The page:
Omaha is more than just gambling, there are strategies involved.
Pot Limit Omaha Poker can offer a nice change of pace for players that are getting a little burned out on playing Texas Hold 'Em. There are some similarities between the two styles of poker play, but there are also some changes that help to alter the dynamic of the game. If you are thinking about giving Pot Limit Omaha poker a try, then you might want to consider the types of players that you will encounter and the rules of the game.
Who Likes to Play
There is a bit of a learning curve when it comes to PLO, but it is popular among those who want a change of pace from Hold ‘Em. While there is an element of having to bluff and read players, the ability to play and win at Hold ‘Em is much more dependent on these abilities. The differences in play in Omaha make it a more analytical game, and this can help it to appeal to those who like to work out the probabilities as they play. Additionally, the way that the betting is structured can make for some very high pots. Beyond that, every hand has a lot of potential outcomes and this can make the game interesting as you try to figure out which hands you might have. The wide-open possibilities that come with Omaha poker are part of what makes it difficult to work on a strategy of bluffing and reading the other players.
What Kind of Game is it?
Like Texas Hold ‘Em, Omaha poker is what you would call a community poker game. This means that there are cards on the table that are shared by all of the players. Additionally, players will also have their own cards that they need to combine with the community cards to make the best hand possible.
What are the Rules?
In Pot Limit Omaha Poker, the maximum bet allowed is restricted to the size of the pot including your call. This in comparison to no-limit Omaha poker which doesn't have these restrictions. Here is an example of how the pot limit works:
You’ll use four hole cards to make a hand.
First to act:
Max. Bet: $500
Second to act:
Pot: $1000 ($500 pre-flop + $500 pot bet from first to act)
Max Bet: $2000 ($500 pre-flop + $500 first bet +$500 call of first bet+ $500 raise)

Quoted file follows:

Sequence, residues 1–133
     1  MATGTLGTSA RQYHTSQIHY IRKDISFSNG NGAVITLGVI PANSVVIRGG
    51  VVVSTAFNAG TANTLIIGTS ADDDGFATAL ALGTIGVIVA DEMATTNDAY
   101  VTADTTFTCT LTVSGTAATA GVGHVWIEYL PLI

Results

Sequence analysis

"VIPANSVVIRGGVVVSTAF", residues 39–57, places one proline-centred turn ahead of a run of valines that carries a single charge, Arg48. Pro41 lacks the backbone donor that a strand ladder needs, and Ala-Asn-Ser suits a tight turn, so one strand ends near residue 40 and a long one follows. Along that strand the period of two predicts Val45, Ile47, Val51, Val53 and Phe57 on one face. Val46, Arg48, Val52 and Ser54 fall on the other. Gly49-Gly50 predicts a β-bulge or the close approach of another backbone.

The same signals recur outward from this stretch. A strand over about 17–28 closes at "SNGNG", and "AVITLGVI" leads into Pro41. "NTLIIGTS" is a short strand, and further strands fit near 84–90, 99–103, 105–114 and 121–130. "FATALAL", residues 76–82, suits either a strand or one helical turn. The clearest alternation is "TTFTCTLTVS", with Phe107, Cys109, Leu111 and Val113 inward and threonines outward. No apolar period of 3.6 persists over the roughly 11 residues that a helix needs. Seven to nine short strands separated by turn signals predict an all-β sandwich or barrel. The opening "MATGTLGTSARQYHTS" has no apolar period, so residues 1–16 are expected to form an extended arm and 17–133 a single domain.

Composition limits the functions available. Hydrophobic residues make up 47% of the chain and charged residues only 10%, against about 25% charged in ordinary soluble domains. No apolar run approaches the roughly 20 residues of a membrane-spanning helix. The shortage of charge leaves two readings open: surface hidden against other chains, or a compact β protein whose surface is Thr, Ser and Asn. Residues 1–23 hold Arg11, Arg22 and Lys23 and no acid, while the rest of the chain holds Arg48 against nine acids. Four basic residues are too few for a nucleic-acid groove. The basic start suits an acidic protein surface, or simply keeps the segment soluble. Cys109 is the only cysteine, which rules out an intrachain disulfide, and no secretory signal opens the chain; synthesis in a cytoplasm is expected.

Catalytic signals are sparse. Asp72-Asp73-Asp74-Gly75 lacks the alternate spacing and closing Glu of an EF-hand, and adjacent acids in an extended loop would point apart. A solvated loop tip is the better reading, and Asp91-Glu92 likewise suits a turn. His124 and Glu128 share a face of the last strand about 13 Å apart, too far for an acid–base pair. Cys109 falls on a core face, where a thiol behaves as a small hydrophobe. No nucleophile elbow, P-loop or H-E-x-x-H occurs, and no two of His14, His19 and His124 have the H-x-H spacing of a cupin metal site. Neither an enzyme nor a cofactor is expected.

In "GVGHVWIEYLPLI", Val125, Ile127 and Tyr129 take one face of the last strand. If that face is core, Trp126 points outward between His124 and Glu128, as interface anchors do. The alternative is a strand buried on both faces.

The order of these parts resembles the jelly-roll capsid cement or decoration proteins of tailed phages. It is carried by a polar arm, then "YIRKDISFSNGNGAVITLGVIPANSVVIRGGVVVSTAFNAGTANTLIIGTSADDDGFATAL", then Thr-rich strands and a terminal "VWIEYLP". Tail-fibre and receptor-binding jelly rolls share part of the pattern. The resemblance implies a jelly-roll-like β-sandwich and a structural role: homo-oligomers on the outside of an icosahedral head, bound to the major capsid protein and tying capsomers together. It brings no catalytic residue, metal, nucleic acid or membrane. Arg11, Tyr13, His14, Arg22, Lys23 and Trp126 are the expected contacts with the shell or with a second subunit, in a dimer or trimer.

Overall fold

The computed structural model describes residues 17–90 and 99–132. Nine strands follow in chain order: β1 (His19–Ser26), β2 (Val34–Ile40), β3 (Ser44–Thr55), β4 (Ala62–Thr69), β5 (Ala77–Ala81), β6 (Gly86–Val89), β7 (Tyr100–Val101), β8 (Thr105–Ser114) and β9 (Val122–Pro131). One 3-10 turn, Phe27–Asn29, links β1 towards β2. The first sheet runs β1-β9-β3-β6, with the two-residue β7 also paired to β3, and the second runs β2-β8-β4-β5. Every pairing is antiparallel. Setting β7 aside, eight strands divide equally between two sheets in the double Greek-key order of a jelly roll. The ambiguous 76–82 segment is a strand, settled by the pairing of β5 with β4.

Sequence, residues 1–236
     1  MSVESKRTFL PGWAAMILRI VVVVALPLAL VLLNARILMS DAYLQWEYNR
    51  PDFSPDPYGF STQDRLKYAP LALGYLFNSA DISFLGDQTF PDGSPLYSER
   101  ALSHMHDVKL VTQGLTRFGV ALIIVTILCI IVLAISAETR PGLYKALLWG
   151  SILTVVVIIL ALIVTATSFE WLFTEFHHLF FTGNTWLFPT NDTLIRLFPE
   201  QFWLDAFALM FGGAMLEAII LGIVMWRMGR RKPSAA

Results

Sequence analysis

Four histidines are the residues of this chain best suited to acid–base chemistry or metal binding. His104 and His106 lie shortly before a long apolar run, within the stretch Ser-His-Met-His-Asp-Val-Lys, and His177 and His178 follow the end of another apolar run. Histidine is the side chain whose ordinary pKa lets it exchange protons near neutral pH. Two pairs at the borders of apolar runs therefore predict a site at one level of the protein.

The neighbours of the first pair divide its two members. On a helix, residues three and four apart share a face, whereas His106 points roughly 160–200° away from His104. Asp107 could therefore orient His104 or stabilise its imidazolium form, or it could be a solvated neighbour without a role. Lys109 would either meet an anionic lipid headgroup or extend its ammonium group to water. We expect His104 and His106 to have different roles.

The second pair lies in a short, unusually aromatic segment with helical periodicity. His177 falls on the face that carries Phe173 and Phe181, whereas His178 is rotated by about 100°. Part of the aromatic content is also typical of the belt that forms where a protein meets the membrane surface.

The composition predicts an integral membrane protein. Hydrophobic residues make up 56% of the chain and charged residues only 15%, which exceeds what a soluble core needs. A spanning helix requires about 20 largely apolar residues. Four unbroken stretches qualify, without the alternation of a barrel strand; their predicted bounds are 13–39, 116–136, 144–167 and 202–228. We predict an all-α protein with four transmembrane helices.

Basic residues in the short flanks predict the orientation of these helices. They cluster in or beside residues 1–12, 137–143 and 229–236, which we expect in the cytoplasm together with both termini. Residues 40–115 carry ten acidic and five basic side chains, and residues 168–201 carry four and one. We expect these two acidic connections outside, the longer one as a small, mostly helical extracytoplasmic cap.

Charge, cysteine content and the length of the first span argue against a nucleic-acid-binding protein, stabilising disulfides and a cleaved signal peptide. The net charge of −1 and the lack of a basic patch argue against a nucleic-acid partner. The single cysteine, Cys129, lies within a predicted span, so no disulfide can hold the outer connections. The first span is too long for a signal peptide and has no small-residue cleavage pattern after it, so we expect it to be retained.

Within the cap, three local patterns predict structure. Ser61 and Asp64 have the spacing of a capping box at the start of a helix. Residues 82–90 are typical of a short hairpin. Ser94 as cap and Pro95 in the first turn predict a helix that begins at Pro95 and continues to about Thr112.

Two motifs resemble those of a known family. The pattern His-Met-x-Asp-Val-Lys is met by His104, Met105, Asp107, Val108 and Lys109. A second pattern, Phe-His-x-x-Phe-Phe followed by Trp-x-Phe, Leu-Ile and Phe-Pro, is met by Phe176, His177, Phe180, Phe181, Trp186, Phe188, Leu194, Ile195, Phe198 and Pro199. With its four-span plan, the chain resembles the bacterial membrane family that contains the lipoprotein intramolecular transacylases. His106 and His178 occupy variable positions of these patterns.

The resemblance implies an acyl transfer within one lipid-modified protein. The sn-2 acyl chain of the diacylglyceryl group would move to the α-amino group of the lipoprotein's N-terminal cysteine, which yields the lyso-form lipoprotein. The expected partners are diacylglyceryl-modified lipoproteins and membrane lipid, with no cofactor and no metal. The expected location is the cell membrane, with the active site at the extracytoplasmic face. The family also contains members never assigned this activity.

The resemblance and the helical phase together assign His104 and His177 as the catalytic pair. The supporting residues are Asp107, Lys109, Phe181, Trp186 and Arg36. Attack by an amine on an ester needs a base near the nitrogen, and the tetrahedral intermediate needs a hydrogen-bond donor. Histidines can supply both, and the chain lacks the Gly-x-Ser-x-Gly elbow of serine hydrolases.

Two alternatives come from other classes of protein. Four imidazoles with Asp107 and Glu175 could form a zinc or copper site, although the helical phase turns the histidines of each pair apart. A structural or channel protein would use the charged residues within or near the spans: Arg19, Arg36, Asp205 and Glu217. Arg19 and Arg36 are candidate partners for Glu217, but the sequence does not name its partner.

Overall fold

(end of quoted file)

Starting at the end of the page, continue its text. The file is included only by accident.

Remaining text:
Sometimes the math can get confusing, especially when odd numbers are used, but you need to announce "pot" to place the maximum bet and avoid being accused of string betting. First place your call bet and then you can total up all bets in the pot. You can also always ask the dealer what the max bet is.
When it comes to betting, players often bet more in pot-limit that no-limit Omaha or even Texas Hold 'em. The reason for this is because of the bet strength. If the pot is $500, and you’re the first to act and want to go all in for $1000, you can't with a $500 limit on betting. If you check raise a player with $500, you can move in. Another important difference in betting structure is that it is not possible to protect strong holdings early in the game.
Now for the game play. As mentioned above, there are some similarities between Texas Hold ‘Em and Omaha poker. Both are community card games where the players share cards and in both games, players are dealt cards that are exclusively their own. The biggest difference that players new to Omaha will notice is that players are dealt four cards each; instead of two. After each player gets his or her cards, then there is a round of betting. After this first round of betting, the dealer reveals a 3-card flop. After the flop, players bet again and then move on to the turn card. Following the turn, you then have more betting followed by the river.
It’s impossible to have a low hand if there is anything higher than three 8’s on the board.